- Faculty development in 1990 focused on preparing faculty for their roles in creating problem domains for the PBL curriculum, leading mentor groups and teaching clinical skills and medical humanities. OMERAD directed evaluation of the new curriculum, instructional design and faculty development.
- From the middle 1970's OMERAD has sponsored a Faculty Development and Instructional Development Seminar Series. Many of the early offerings were in teaching psychomotor skills and Doctor-Patient communication in small groups. More recent topics addressed technology applications and formats blending self-paced instruction to improve instructional design and teaching.
- In 2004 as a result of college-wide strategic planning, a new Office of Faculty Affairs and Development was created. Led by Associate Dean William Wadland, with consultative support from William Anderson Ph.D and OMERAD, FAD sponsors career development programs for CHM faculty; New Faculty Orientation; Academic Leadership Program for Department Chairs and Division Directors; and a Mentorship program to support new faculty in the tenure stream.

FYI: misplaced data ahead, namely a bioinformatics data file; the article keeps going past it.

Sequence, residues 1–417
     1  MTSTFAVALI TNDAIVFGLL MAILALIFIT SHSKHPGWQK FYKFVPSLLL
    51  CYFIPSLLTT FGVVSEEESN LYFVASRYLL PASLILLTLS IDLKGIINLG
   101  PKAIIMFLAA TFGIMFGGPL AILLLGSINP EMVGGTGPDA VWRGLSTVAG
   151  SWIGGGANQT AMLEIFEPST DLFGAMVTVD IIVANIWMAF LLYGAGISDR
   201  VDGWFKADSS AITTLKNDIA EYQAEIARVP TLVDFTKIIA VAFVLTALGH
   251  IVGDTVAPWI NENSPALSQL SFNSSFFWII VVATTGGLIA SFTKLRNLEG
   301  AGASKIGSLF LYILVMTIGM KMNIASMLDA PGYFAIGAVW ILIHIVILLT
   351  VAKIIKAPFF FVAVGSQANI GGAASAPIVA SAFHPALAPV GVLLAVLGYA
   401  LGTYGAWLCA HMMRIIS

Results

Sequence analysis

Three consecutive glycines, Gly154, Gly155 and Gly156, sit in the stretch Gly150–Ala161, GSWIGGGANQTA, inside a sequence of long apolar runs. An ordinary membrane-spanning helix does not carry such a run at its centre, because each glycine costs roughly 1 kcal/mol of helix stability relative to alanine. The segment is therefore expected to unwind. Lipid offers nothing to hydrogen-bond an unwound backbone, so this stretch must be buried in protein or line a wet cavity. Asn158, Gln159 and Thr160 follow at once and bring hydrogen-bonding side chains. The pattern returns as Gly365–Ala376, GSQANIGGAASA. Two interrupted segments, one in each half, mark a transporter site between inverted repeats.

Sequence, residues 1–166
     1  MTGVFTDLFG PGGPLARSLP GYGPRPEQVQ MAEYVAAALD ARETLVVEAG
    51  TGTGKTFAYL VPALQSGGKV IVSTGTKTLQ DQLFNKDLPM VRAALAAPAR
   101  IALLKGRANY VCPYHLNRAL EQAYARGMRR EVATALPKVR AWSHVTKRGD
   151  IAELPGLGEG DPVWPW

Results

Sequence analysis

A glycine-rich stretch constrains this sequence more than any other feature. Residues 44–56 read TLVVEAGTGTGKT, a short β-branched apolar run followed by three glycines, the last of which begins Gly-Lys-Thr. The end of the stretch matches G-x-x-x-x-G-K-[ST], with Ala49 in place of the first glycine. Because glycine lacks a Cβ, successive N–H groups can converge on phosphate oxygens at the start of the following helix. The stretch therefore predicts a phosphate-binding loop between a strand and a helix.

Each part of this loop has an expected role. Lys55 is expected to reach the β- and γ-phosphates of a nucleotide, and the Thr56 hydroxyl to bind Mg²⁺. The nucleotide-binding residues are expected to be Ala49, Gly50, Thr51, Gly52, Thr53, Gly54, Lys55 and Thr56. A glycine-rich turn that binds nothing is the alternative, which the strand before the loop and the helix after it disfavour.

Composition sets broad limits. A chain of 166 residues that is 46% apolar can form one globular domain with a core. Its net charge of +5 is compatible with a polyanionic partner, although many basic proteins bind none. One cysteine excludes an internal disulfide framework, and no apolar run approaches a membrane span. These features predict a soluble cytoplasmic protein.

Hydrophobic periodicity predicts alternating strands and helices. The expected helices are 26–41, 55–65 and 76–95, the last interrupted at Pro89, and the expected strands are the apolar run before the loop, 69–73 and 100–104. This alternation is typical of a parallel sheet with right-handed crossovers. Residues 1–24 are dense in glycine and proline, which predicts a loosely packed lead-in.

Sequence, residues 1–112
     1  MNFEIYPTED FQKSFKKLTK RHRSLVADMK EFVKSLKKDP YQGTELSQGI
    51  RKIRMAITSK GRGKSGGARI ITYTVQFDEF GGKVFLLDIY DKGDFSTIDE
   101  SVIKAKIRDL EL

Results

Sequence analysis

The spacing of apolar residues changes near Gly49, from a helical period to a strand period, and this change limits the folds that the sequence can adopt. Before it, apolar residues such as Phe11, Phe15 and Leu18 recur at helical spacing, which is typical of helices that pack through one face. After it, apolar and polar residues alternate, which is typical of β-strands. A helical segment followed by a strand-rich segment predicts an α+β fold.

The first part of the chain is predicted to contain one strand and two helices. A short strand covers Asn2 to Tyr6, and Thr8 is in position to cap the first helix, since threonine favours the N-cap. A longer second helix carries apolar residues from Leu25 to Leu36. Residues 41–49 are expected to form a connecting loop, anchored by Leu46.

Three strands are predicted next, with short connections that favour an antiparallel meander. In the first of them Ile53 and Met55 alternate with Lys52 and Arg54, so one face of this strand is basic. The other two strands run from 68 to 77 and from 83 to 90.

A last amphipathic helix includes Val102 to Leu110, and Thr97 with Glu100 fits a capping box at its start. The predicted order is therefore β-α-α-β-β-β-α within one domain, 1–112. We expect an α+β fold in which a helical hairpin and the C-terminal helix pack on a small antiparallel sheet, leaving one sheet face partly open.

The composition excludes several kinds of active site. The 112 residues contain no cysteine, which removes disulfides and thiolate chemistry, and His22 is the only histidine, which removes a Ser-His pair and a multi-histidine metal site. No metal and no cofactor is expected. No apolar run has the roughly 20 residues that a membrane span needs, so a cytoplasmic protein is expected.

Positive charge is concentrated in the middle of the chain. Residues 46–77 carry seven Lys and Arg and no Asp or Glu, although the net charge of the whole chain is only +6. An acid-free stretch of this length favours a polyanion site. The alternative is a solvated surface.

- In 2014, the College launched CHM CORPS (Community Outreach Program Specialists). Based on outreach models already common to healthcare delivery-pharmaceutical detailing and academic detailing-a CHM-based outreach team was developed to focus on the needs of community faculty, particularly with regards to their role as educators of our medical students. CHM CORPS staff work closely with the community assistant deans and OMERAD on the recruitment and retention of community preceptors.
- In recognition of the growing number of excellent resources available to faculty via the Internet and to support the efforts of CHM CORPS, the OMERAD website CHM Educator was launched last year to support classroom and clinical teaching.